63 j) Piping, Structural Steel Framing, and Casings. Exposed metal surfaces on piping, structural steel framing, and casings should be primed and painted. k) ) m) n) Settings and Insulation. The interior of settings should be cleaned, and doors should be painted. To keep the materials in settings and insulation dry, doors and all other openings should be sealed carefully, and pans of quicklime should be placed inside the setting. Pulverizers, Feeders, and Exhausters. All bearing surfaces on pulverizers, feeders, and exhausters should be coated thoroughly with rust-preventive oil or grease. With the exception of unfinished surfaces of castings, all exposed metal surfaces should be primed and painted. Coal Pipes and Burners. Coal pipes and burners should be blown out with compressed air. Bearings and other finished surfaces of burner dampers and vanes should be thoroughly greased. Coal and Ash-Handling Equipment. Coal and ash-handling equipment should be cleaned, including weighing devices. Running parts should be protected with grease, and exposed metal surfaces should be primed and painted. Conveyor belts should not be left under tension Feed-Water Heaters, Deaerators, Vent Condensers, Water-Heating Equipment, Tanks, and Receivers. Feed-water heaters, deaerators, vent condensers, water-heating equipment, tanks, and receivers should be drained completely; take care to remove all water from trays, tubes, and coils. Silt, scale, and lime should be removed; wire brushing may be necessary to eliminate all corrosion blisters in tanks and receivers. Blowdown tanks should be drained. Clean flues of all deposits of soot and carbon; remove and store baffles. Heaters should be left open. All steam and water lines should be drained, and openings capped or blanked off. Tightly cap vent pipes. Overflow and oil traps should be thoroughly cleaned and reassembled. Manholes, handholes, and cleanout doors should be left uncovered; all covers, studs, bolts, nuts, and other loose parts should be coated with grease and securely fastened in place at their respective openings to protect against loss. The threads of tapped openings and machined surfaces, such as those on valves and flanges, should be greased. Gauge glasses and thermometers should be protected against breakage. The interiors of steel tanks, deaerators, vent condensers, and heaters should be coated with corrosion-resistant paint; if tanks may later be used for drinking water, the coating should be enamel conforming to Navy Civil Engineering Laboratory (NCEL) Publication TDS 77-09, Coating Interiors of Steel Potable Water Tanks, or applicable American Water Works Association (AWWA) specifications. 47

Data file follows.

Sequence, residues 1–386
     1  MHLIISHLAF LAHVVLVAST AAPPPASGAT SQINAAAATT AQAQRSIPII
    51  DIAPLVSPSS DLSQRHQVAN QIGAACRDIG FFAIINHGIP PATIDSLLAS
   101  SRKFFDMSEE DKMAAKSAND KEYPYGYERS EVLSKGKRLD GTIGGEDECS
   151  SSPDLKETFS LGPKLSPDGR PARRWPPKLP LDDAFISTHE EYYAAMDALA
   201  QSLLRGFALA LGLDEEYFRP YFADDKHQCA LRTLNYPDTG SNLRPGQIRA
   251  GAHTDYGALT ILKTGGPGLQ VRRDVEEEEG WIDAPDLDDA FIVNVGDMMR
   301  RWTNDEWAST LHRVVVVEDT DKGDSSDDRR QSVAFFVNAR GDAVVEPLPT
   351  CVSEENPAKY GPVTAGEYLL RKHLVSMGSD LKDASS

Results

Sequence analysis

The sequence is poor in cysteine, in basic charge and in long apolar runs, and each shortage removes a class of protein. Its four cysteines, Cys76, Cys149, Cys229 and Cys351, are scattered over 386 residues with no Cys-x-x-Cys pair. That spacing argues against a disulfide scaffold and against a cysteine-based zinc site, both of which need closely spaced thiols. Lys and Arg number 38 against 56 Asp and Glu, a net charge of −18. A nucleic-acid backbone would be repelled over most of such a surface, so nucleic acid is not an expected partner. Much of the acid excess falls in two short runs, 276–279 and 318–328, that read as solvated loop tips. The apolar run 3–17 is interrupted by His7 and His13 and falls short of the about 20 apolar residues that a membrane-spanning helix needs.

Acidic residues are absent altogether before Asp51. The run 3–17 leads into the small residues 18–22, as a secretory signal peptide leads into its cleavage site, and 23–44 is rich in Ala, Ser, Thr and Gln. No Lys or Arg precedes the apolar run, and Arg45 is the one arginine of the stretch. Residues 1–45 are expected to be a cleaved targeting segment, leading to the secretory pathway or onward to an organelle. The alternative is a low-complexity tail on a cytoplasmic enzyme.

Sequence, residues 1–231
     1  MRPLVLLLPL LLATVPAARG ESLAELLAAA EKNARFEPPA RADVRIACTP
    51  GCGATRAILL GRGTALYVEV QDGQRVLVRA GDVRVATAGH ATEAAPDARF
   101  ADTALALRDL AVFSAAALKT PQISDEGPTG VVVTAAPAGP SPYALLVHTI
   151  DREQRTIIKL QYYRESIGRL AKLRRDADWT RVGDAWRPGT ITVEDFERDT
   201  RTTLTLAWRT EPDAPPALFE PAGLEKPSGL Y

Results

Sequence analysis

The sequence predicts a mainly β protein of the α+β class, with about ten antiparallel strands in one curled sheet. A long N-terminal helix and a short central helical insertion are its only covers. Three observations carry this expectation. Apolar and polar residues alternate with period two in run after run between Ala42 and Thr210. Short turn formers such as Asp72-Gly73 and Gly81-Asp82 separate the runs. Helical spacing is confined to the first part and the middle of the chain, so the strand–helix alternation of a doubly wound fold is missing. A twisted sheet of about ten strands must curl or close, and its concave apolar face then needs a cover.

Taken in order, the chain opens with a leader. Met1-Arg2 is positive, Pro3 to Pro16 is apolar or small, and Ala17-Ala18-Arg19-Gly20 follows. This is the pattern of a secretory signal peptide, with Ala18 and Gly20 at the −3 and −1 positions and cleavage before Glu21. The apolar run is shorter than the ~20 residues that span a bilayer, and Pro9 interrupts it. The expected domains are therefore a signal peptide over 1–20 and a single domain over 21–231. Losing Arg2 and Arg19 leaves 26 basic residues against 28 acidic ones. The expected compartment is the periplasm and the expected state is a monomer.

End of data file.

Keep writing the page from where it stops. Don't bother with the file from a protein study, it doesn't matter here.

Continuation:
64 equipment Automatic Control Equipment and Meters. Automatic control and meters left in place should be shrouded in accordance with para. Where instruments are removed from mountings, all openings in connections on heating systems should be plugged, and the openings in the instruments should be sealed with the type of adhesive tape used in shrouding. Pipe connections from controls to heating equipment should be disconnected and drained thoroughly. Covers on all controls and instruments should be fastened securely in place to exclude dust and moisture. All containers for water, ink, or acid on carbon-dioxide meters and similar instruments should be drained completely, and all openings should be tightly closed to exclude dust. Glass containers should be wrapped carefully in cloth or paper and stored in the instrument case. All ink should be removed from pens or recording instruments, and pen arms should be lifted. Each instrument should be wrapped in paper, and manufacturer s recommendations should be followed. Motorized valves should be oiled in accordance with the manufacturer s directions. Thermostats should be set on the lowest settings Combustion Equipment. Combustion equipment, discussed in the following paragraphs, consists of stokers, oil burners, and gas burners. a) b) c) Stokers. Stokers should be run until all coal has been removed from the worm and hopper. Oiled sawdust should then be run through the worm until all surfaces are covered with an oil film. Remove all coal, clinkers, and ashes from the tuyere grates, ashpit, and dead plates. Housings on gearboxes should be securely fastened in place; oil in gearboxes should be retained. Hoppers paint. Hoppers and heater pipes should be tightly closed either with wood or metal covers. Fan shafts should be greased, and fan and blower bearings should be thoroughly oiled. Stokers with hydraulic power to ram-type feeds should be left with oil in the pumps and piping for hydraulic power; all openings on reservoirs should be tightly closed. Pneumatic spreader-type stokers should have all blowers tightly closed. Securely fasten cover plates on air intakes should be in place. Oil Burners. The firing ends of burners should be covered with shrouds. If a burner can be swung out from firing ports, the entire burner should be shrouded. All oil should be drained from pumps, valves, lines, and reservoirs into the oil tanks. All openings on oil tanks should be tightly closed; the vent should be turned down, and a wire screen fastened securely over vent openings. Gas Burners. Gas should be shut off outside the buildings; lines should be bled slowly through the gas burners. Areas in which the gas distribution is to be discontinued should be cut off from the remainder of the system by the closing of valves. 48